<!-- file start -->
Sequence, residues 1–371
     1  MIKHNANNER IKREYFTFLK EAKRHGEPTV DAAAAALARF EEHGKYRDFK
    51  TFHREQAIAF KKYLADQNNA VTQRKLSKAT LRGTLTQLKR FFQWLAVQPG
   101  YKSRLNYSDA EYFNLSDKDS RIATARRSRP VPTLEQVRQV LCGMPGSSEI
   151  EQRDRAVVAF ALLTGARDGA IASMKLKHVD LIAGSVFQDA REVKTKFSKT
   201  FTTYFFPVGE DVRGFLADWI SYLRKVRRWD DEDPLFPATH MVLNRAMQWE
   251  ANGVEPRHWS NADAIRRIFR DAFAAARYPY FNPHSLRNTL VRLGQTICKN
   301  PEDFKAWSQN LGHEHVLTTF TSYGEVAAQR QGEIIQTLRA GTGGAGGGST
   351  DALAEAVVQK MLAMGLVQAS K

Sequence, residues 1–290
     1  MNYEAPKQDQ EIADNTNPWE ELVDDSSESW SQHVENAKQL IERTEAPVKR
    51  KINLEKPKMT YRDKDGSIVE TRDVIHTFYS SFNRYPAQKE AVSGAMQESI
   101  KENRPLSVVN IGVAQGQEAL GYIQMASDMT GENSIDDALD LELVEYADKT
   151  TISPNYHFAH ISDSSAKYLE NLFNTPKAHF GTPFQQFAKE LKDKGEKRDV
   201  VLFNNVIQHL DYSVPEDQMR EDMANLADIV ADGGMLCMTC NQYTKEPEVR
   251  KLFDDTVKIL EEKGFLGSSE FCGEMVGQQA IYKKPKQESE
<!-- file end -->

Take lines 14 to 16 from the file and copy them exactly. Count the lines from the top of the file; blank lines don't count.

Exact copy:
   151  TISPNYHFAH ISDSSAKYLE NLFNTPKAHF GTPFQQFAKE LKDKGEKRDV
   201  VLFNNVIQHL DYSVPEDQMR EDMANLADIV ADGGMLCMTC NQYTKEPEVR
   251  KLFDDTVKIL EEKGFLGSSE FCGEMVGQQA IYKKPKQESE